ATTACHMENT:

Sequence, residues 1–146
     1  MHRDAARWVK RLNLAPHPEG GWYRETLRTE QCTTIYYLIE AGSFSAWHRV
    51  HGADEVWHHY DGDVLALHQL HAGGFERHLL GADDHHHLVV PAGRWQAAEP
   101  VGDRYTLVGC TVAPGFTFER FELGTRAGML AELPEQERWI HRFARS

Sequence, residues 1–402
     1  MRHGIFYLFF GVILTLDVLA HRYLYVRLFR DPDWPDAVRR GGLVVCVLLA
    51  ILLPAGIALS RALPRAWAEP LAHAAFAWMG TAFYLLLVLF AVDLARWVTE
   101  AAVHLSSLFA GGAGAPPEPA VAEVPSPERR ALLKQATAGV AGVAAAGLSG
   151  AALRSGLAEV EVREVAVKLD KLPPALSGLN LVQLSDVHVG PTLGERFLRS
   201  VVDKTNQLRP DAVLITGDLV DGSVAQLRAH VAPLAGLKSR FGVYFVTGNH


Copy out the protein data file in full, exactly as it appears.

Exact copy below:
Sequence, residues 1–146
     1  MHRDAARWVK RLNLAPHPEG GWYRETLRTE QCTTIYYLIE AGSFSAWHRV
    51  HGADEVWHHY DGDVLALHQL HAGGFERHLL GADDHHHLVV PAGRWQAAEP
   101  VGDRYTLVGC TVAPGFTFER FELGTRAGML AELPEQERWI HRFARS

Sequence, residues 1–402
     1  MRHGIFYLFF GVILTLDVLA HRYLYVRLFR DPDWPDAVRR GGLVVCVLLA
    51  ILLPAGIALS RALPRAWAEP LAHAAFAWMG TAFYLLLVLF AVDLARWVTE
   101  AAVHLSSLFA GGAGAPPEPA VAEVPSPERR ALLKQATAGV AGVAAAGLSG
   151  AALRSGLAEV EVREVAVKLD KLPPALSGLN LVQLSDVHVG PTLGERFLRS
   201  VVDKTNQLRP DAVLITGDLV DGSVAQLRAH VAPLAGLKSR FGVYFVTGNH